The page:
In my opinion, the Fitbit One is the best tracker your money can get for you!

Bonus Tip

People love their Fitbits, but some tend to lose them.

That is a problem I had to face myself. Fortunately I found a simple solution.

Watch the short video clip below, where I show how to wear your Fitbit in order to prevent losing it.

Your favorite Activity Tracker

Which model do you prefer?

See results

Questions & Answers

    © 2013 TheAndy

    Comments

      0 of 8192 characters used
      Post Comment

      • profile image

        Fitnesstracker24 

        2 years ago

        Great Hub! I also have a Fitbit One and will be ordering another one as a christmas present. And i do the same as TheAndy from and clip the One inside of the clothes so that it won't be able to lose it!

        Regards,

        Mark

      • profile image

        Timos 

        3 years ago

        Thanks for the great review of the activity trackers. I have had my iPhone 5s for almost a year now and I really find the M7 pedometer in it to be very useful. I am not sure how accurate it is but I like to analyze my activity more in terms of when during the day I am active so I can focus on getting my 5 minutes of activity per hour done, and the M7 is really nice for that (except when I forget my phone at my desk). I use the Activity app from LogYourRun for visualizing my activity:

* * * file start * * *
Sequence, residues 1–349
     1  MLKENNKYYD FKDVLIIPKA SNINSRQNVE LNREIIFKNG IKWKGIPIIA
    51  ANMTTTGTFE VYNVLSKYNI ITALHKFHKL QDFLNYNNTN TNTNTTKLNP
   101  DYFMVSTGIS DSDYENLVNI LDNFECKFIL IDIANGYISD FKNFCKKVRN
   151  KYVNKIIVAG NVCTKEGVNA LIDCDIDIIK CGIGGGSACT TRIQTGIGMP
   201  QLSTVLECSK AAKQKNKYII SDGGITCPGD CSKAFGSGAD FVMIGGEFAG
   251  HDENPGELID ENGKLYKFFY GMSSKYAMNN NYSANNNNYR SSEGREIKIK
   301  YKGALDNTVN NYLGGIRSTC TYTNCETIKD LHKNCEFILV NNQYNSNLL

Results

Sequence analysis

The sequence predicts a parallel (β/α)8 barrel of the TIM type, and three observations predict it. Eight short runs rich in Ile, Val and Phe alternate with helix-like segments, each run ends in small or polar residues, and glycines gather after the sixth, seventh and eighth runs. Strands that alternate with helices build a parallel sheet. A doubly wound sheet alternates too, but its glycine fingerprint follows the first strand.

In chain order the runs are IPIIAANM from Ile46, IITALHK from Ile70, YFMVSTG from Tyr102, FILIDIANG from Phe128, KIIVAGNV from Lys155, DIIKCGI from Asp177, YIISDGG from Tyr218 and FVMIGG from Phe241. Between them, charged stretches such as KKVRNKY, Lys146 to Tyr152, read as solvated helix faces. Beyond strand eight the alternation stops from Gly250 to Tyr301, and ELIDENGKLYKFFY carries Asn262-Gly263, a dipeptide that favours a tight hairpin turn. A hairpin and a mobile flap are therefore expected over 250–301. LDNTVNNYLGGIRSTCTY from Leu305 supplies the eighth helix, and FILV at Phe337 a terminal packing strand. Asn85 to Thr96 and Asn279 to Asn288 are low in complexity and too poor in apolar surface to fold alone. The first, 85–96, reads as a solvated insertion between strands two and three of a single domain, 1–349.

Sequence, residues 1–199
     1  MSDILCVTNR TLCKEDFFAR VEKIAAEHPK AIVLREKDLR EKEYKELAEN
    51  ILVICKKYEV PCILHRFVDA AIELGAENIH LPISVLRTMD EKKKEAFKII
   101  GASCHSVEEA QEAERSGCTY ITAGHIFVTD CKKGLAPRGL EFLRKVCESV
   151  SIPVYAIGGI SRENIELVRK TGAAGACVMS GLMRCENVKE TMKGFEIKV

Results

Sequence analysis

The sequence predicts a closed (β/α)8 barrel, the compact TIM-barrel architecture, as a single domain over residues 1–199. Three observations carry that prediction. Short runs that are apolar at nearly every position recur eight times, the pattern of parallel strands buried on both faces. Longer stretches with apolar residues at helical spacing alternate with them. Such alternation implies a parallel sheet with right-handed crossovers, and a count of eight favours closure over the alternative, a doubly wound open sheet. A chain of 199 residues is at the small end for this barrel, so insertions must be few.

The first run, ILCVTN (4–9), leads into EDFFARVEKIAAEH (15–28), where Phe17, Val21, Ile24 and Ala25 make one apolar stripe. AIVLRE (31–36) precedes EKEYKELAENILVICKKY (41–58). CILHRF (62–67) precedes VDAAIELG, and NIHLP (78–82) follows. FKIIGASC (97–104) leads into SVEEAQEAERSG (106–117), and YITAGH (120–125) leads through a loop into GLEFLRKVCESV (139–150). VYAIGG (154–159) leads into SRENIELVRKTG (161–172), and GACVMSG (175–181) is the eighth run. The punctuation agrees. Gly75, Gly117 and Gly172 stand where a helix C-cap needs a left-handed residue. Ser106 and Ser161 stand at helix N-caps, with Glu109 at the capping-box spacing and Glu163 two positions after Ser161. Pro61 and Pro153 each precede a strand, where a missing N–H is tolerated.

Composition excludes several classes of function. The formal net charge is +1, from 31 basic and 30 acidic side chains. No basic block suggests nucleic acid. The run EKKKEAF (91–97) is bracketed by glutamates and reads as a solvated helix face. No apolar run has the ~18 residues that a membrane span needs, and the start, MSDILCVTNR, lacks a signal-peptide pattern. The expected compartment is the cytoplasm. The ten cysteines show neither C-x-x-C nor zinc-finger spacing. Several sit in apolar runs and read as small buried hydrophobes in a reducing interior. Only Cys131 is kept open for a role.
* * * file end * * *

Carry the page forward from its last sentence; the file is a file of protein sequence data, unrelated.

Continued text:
https://itunes.apple.com/us/app/activity-by-logyou...

      • TheAndy profile imageAUTHOR

        TheAndy 

        4 years ago from Germany

        Hi Michael,

        you are talking about the Jawbone Up, which vibrates when you haven't move a "certain" amount of time. But you are right this is not based on any set goal or even sub-goals (never heard of an implementation of a sub-goal, though).

        Knowing a little about human behavior, I am not sure whether a "constant barking device" really would make you move more consistently during the day. If you are an office dweller like me, have to attend a lot of meetings, you can't just get up and walk away whenever you want. What I try to say is that any device that "reminds" you too often to move, starts getting on your nerves very quickly and you end up deactivating such a feature.

        I found that the setting of daily goals and the reports you get from many of these devices is motivation already. Believe me, you don't want to see your achievements constantly below your goals. And when you use a comparison to somebody else - as I do via the Fitbit with my wife - you find many ways to move more.

        To your health,

        Andy

      • profile image

        Michael 

        4 years ago

        Have you heard if any device that notifies you during the day if you have not met sub-goals? My problem is all these devices do is remind me at the end of the day that I forgot to get up and walk around during the day.

        There is one that reminds you if you haven't moved for an extended period of time but it isn't based on steps - getting up and going to the water fountain and back resets it. I want it to bark at me every hour if I haven't done 100 steps or whatever.